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Q: Rate at which a bullet drops ( Answered 5 out of 5 stars,   3 Comments )
Subject: Rate at which a bullet drops
Category: Science > Physics
Asked by: bluechristmas-ga
List Price: $5.00
Posted: 27 Nov 2005 05:43 PST
Expires: 27 Dec 2005 05:43 PST
Question ID: 598080
Does a bullet shot from a gun drop at the same rate as a bullet that
is dropped from your hand.  If the gun barrel is perfectly level and
the bullet does not create lift during its flight, it would seem to me
that it would drop at the same rate.
Subject: Re: Rate at which a bullet drops
Answered By: livioflores-ga on 27 Nov 2005 06:57 PST
Rated:5 out of 5 stars

Your assumption in this ideal system is right, both bullets will drop
at the same rate:
"A projectile is an object upon which the only force is gravity.
Gravity, being a downward force, causes a projectile to accelerate in
the downward direction. The force of gravity could never alter the
horizontal velocity of an object since perpendicular components of
motion are independent of each other; vertical force does not effect a
horizontal motion."
From "Vectors and Projectiles - Parabolic Motion of Projectiles" at
The Physics Classroom:
See at this page the clarifying animation!!

See also "Facts About Projectile Motion":

For formulas and a nice applet on which you play a little see:
"Projectile Motion":

Finally for further reading and are some examples:
"Horizontally Launched Projectile Problems":

Search strategy:
projectile motion

I hope this helps you. Feel free torequest for a clarification if you need it.

bluechristmas-ga rated this answer:5 out of 5 stars
Thanks for your answers.  The links you provided were very helpfull.

Subject: Re: Rate at which a bullet drops
From: qed100-ga on 27 Nov 2005 07:39 PST
It's interesting to add that the gun barrel need no be horizontal for
the vertical acceleration to be equal to any other falling object.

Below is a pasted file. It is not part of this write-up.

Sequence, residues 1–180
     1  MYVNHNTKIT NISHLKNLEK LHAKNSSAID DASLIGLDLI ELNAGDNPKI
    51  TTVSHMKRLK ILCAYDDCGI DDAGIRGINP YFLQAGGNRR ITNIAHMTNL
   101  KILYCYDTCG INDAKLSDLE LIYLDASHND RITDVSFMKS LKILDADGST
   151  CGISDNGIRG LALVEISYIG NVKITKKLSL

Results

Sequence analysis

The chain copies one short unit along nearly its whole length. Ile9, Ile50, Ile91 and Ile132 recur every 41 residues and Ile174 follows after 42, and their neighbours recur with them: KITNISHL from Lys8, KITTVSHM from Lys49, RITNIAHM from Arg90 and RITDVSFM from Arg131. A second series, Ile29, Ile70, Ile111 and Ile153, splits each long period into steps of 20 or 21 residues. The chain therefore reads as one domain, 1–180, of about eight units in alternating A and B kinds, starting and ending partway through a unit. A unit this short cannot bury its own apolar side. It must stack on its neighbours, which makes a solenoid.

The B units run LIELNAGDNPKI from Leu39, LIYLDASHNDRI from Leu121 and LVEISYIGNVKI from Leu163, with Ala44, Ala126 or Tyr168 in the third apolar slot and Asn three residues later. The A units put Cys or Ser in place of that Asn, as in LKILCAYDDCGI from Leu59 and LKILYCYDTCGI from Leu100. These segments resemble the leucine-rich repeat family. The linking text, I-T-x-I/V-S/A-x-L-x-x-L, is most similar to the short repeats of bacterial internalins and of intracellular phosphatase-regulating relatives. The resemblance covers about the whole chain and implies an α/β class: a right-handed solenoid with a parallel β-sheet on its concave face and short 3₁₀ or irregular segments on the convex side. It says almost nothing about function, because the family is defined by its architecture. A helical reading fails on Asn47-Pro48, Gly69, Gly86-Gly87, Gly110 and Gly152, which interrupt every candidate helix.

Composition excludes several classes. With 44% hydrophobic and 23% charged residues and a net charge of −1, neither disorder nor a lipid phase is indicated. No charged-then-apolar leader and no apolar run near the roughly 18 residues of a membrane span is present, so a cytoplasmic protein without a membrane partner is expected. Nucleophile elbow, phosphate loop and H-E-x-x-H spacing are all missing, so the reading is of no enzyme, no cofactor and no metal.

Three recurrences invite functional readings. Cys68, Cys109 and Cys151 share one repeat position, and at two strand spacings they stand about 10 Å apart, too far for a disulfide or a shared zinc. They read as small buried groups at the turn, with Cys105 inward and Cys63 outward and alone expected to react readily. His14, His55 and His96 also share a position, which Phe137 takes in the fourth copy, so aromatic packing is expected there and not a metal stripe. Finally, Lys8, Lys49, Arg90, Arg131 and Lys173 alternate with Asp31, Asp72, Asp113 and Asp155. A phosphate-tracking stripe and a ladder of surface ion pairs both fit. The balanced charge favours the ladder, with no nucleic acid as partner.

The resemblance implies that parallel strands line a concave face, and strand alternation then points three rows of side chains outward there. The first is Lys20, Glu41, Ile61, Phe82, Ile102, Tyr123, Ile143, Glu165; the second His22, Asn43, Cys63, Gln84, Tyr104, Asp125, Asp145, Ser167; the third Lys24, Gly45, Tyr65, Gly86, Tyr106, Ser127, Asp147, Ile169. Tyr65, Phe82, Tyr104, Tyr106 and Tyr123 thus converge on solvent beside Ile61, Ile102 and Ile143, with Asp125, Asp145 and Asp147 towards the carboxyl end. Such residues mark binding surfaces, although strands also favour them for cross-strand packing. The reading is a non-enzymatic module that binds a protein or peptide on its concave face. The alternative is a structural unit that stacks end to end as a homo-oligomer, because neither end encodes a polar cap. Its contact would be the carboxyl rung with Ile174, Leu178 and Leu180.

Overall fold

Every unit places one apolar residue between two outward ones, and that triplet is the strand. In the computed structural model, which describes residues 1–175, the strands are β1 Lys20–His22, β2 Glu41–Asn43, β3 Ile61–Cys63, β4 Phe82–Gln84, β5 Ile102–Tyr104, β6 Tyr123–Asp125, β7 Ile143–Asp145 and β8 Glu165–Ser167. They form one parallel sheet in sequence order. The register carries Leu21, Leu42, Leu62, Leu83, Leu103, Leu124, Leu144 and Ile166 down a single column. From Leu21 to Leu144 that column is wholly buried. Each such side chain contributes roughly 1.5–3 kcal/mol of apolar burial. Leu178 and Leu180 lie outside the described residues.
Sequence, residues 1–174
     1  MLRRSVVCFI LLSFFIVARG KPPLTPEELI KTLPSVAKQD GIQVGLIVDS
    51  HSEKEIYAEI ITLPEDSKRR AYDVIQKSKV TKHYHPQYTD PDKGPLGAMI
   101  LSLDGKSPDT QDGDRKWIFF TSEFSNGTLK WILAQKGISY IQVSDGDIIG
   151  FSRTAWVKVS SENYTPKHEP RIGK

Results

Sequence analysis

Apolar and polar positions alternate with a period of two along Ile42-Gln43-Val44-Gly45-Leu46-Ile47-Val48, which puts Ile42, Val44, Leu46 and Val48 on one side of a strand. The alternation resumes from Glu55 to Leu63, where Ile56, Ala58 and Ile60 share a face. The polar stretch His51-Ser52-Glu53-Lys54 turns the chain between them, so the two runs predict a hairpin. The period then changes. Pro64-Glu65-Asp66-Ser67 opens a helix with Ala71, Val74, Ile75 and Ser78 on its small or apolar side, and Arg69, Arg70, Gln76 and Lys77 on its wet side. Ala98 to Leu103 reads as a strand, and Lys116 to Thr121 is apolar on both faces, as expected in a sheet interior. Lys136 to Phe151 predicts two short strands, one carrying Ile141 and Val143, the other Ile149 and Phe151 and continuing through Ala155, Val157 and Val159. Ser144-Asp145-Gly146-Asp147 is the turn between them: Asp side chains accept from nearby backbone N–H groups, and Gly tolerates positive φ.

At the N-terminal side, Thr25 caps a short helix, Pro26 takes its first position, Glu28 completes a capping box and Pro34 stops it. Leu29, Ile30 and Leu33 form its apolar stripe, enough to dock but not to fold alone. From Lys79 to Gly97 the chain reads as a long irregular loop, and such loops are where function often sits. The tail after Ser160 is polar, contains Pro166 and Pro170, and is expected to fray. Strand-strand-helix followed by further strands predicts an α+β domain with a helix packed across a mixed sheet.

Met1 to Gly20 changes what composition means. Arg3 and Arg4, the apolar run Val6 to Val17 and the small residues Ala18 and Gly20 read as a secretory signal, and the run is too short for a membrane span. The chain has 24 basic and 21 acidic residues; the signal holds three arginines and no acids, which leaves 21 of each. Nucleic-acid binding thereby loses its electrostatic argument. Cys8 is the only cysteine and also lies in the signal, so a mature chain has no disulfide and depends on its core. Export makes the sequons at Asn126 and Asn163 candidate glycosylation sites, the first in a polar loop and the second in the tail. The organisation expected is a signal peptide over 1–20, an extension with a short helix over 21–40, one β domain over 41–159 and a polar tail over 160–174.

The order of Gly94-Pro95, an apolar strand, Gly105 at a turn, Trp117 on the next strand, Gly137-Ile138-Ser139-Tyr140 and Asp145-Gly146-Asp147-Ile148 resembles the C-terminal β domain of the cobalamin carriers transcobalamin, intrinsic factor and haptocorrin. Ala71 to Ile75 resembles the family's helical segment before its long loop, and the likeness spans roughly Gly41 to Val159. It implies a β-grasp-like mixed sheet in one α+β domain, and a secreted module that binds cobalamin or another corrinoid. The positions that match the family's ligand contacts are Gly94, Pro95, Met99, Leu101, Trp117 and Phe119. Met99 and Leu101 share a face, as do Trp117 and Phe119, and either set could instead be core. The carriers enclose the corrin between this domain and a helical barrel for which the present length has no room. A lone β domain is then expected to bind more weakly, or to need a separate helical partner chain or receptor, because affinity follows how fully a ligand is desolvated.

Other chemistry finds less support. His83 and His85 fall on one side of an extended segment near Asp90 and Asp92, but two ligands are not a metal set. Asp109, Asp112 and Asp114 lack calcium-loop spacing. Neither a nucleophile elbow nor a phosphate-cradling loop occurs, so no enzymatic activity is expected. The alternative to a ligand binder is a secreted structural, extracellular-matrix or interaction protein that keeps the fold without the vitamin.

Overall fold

There's a common question posed in physics classes that goes like

   A hunter is on the ground trying to bag a monkey. A monkey is
hanging from a high tree branch and notices the hunter, so it lets
loose from the branch to fall safely away. But is it safe? If the
hunter has the rifle barrel pointed directly at the monkey the instant
it lets loose, at what time should the gun be fired such that the
bullet will intersect the falling monkey?

   The answer is to fire the bullet at the *exact* instant the monkey
starts falling. The bullet's path will be a composition of its
inertial (straight) motion towards where the monkey was, and its
vertical acceleration downwards. The monkey's motion will be its
downwards acceleration, which will equal that of the rifle projectile.
The bullet will intersect the monkey as they both reach ground level.
Subject: Re: Rate at which a bullet drops
From: murunbuchstansinger-ga on 28 Nov 2005 14:31 PST
What an interesting question!
Subject: Re: Rate at which a bullet drops
From: mastakln-ga on 09 Dec 2005 00:14 PST
will the centripetal force that's acting upon the satellite be acting
on the bullet if it's fast enough and thus causing it to revolve
around the earth?

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